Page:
Daytime temperatures soar well over one hundred degrees in Dallas during early August. The chance to encounter some of the larger animals living in the Great Trinity Forest really drops off as a result. Down to a near zero chance of seeing one. Rather than a traditional 4pm Saturday visit to the river, I went down at 4am instead.
|Time exposure of the full moon and stars over the Great Trinity Forest|
|Moonlight filtered through the ancient Post Oaks|
The first hundred steps are always the hardest. When hiking through the woods in the dark, your hearing plays as much a role as your eyesight. Since your eyesight becomes so muted, your hearing seems to magnify many times.
Finding toads and frogs is easier at night than in the daylight. Using their calls coupled with a brief red-eye flash from a camera, one can see the glowing eyes of a frog bounce back.
The Great Trinity Forest has a variety of frogs and toad species. In addition to the Green Tree Frog, there are species of the Leopard Frog(both Plains and Southern) and the Texas Toad(both Texas and East Texas Toad).
|East Texas Toad|
My resident go to guy on herpotology, Michael McNair is still on the mend from being struck by a car in May and just recently released from the hospital after spending almost 40 days in Baylor's ICU. He would know more about these amphibians off the top of his head that I would know scouring wikipedia for their ID.
Foxfire Fairy Fire
|Bioluminescent Foxfire fungus|
Scientists are unsure as to why some species of fungus are bioluminescent. One possibility is that the faint glow attracts insects, which proceed to disperse fungal spores. Thus, in the case of fungi bioluminescence may serve as a form of reproductive assistance.
Parade of the Pigs
I have been able to find the same feral hog sounder this spring with pretty good success. Knowing where they are and when they are active lets me follow them at a distance with ease. The trick has been the daytime heat. When the weather gets too hot, they are not active until after dark. That poses a problem seeing them in the high grass they enjoy.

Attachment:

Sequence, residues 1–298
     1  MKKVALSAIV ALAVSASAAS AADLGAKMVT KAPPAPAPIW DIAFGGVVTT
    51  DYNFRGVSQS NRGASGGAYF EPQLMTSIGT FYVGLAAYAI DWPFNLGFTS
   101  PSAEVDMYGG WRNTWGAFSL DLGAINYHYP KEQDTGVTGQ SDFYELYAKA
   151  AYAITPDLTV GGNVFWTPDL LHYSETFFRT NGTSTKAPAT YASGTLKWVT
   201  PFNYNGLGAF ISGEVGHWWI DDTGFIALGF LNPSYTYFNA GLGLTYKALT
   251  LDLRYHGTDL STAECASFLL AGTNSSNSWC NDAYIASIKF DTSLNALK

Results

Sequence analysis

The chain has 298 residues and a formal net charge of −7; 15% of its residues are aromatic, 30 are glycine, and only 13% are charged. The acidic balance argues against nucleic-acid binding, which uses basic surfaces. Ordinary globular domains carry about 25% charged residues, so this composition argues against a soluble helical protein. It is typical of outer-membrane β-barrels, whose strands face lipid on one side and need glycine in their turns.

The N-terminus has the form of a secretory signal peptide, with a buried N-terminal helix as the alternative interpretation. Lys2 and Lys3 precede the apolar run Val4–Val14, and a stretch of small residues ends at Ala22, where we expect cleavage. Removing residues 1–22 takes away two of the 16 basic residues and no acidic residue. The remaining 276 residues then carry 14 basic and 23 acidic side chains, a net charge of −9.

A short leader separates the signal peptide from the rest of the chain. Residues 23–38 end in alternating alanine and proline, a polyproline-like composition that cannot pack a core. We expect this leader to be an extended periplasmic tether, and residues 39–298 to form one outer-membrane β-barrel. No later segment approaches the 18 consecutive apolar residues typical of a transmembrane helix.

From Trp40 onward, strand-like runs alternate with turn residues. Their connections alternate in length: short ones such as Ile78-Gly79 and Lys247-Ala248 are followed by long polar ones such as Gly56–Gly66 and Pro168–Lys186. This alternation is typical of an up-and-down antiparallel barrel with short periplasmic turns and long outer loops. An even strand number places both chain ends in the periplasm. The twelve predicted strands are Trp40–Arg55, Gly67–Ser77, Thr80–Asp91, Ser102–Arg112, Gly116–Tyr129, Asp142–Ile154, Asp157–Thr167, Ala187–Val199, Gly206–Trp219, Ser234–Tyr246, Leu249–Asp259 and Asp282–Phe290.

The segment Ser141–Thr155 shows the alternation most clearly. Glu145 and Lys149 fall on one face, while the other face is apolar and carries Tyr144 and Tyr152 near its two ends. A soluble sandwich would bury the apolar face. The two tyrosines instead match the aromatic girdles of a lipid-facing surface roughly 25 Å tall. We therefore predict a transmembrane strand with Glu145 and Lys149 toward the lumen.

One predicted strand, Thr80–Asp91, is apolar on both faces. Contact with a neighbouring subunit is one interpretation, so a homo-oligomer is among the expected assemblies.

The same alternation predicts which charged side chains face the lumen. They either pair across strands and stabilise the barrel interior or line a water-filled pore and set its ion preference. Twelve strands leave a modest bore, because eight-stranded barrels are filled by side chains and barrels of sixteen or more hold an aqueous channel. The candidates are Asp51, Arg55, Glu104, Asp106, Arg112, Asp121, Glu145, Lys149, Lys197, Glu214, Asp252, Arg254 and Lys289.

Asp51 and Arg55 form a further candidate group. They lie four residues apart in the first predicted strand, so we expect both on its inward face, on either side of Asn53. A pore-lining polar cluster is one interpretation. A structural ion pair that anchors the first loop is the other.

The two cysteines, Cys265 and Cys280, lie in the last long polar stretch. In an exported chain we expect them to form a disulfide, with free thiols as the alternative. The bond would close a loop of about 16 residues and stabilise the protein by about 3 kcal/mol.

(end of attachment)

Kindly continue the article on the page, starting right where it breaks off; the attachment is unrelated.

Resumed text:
Recently, I found that by hacking the software of my Canon using an opensource program called Magic Lantern, I could(in theory) use the camera in very low light conditions like a full moon. It's not perfect but works better than a human eye in very, very low light conditions.
The result is below, filming a 19 pig sounder parading across a mudflat well before dawn.
It was so dark that the pigs did not even spot me, standing out in the mudflat, in full view. It's fun to watch them crossing the mud, all in a line, wary of the dark around them at that early hour. Pigs have excellent senses in the smell and hearing department but have really poor eyesight.
|Great Trinity Forest Under A Full Moon|
|Dawn Breaking Over The Trinity River|
With the rise of the sun and setting of the moon it was time to head over towards Little Lemmon Lake to rendezvous with Dr Tim Dalbey for a look into some River Otters and Spoonbills that had been sighted there earlier in the week. Drawing a blank, he showed me around Roosevelt Park, Bruton Bottoms and Oak Creek on a driving tour, scouting out areas to explore in the future. I'm excited about what might lie up that way, vast out of the way sloughs, wetlands and swamps. We came across a dead beaver on Bruton Road, probably killed by a vehicle within the last few hours. Moving it off the road, it must have weighed well over 50 pounds and appeared pregnant. Some reckless driver killed it for sport from the looks of things.
|Spoonbills at Little Lemmon Lake|
Before making our way back to where I had parked, we swung by a potential pre-historic Indian site and a set of historic outbuildings. Walking down the trail only 100 yards we encountered this nice young healthy 6 point Whitetail Buck.
It was probably wondering what two humans were doing so far away from a road, so far away from just about anything. Funny that this is all inside the city limits of Dallas!